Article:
Honda has made a quick U-turn. Just 19 months after its Civic compact hit showrooms and was slammed by critics, the company has revamped the car, giving it a sportier look and upgrading the interior.

It’s an unusual and costly do-over. But Honda – among the industry’s most highly-regarded brands – was worried the car’s flaws would hurt sales and market share, analysts say.

The 2013 version went on sale Thursday. Honda has given it a sportier profile, replaced its chintzy dashboard and made the ride quieter. The revamp came to market in about half the time it normally takes, showing how concerned Honda is about falling behind.

“The new consumer coming to the marketplace looking for a compact car doesn’t think the Civic is a slam-dunk anymore,” said Jesse Toprak, vice president of market intelligence for the auto pricing website.

The company misjudged the small-car market when it rolled out the Civic in April of last year, analysts say. Small-car buyers used to tolerate cheap materials, noisy interiors and boxy styling just to get high gas mileage. But they now expect their gas-sippers to have a quiet ride, crisp handling and plush seating. The 2012 Civic lacked those refinements. It was so noisy that “I kept trying to put the windows up,” recalled IHS Automotive analyst Rebecca Lindland, who said the competition caught Honda off-guard.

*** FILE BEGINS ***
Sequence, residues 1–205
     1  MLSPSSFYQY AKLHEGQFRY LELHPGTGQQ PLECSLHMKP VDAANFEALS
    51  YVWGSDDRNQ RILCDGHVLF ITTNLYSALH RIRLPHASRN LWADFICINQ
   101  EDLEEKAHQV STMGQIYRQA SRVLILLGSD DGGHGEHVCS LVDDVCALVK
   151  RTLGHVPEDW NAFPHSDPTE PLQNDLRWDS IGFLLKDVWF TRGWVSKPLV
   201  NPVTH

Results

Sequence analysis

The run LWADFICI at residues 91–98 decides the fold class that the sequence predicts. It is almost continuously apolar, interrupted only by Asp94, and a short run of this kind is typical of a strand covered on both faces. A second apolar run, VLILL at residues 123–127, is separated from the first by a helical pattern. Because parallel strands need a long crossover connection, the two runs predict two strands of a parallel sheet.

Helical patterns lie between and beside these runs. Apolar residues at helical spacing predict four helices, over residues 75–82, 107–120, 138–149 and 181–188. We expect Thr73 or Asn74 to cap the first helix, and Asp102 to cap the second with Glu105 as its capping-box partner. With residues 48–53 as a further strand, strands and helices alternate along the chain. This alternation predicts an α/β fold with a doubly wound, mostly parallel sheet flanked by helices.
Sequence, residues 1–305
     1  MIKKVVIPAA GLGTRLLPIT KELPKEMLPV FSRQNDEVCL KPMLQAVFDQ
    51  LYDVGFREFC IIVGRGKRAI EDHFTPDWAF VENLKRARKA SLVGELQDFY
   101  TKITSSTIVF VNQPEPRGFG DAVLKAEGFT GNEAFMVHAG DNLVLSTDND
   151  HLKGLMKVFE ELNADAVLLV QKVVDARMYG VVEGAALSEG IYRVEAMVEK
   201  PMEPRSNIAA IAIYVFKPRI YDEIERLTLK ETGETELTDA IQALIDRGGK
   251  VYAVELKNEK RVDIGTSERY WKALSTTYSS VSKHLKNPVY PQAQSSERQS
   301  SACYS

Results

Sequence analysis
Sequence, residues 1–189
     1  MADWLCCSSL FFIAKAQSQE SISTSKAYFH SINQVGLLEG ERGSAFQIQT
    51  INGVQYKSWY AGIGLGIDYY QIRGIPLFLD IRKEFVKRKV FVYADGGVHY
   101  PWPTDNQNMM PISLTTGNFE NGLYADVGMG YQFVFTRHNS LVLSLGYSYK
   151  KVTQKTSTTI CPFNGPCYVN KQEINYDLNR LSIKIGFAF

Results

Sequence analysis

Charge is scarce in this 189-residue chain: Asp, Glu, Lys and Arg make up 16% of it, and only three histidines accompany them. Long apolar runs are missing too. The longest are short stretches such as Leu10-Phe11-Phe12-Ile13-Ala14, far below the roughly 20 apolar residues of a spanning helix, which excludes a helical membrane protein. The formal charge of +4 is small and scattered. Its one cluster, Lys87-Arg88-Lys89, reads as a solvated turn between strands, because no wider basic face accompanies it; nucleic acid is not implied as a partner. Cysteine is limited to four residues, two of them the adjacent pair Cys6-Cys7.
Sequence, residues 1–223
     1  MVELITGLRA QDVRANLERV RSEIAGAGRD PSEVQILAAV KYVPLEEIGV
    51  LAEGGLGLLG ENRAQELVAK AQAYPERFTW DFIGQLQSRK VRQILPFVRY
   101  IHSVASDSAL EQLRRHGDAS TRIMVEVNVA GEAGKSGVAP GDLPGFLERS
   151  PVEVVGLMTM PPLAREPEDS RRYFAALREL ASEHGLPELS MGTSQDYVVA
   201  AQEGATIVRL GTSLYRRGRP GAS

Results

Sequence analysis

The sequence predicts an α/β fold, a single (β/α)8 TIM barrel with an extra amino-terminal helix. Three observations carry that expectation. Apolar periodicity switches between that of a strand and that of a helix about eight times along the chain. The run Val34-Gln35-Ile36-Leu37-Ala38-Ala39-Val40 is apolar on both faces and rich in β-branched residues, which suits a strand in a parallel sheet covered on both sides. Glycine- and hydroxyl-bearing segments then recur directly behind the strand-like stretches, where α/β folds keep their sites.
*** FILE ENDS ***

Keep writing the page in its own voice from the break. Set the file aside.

But criticism of the 2012 Civic hasn’t dented demand. Sales of the car have risen to 255,000 through October, up 39 percent from last year. The car has passed the aging Toyota Corolla and the Chevrolet Cruze to become the nation’s top-selling compact.

The increase came mainly because Civics were in short supply last year following an earthquake in Japan. Loyal customers delayed purchases until the Civic returned, Toprak said. The Civic also is selling well because of discounts, he said. Dealers are knocking about $2,500 off the sticker price to clear out 2012 models..

Company executives get prickly when asked if criticism was why they moved so fast to update the Civic. They say only that they wanted to keep the car ahead of the competition.

Honda added insulation to cut engine noise, put in thicker glass to reduce wind and made the brakes larger to stop the car faster. The seat material was upgraded, and Honda added a softer dashboard with two colors. Outside, the car got it a more aerodynamic look with a new hood, trunk lid and lights.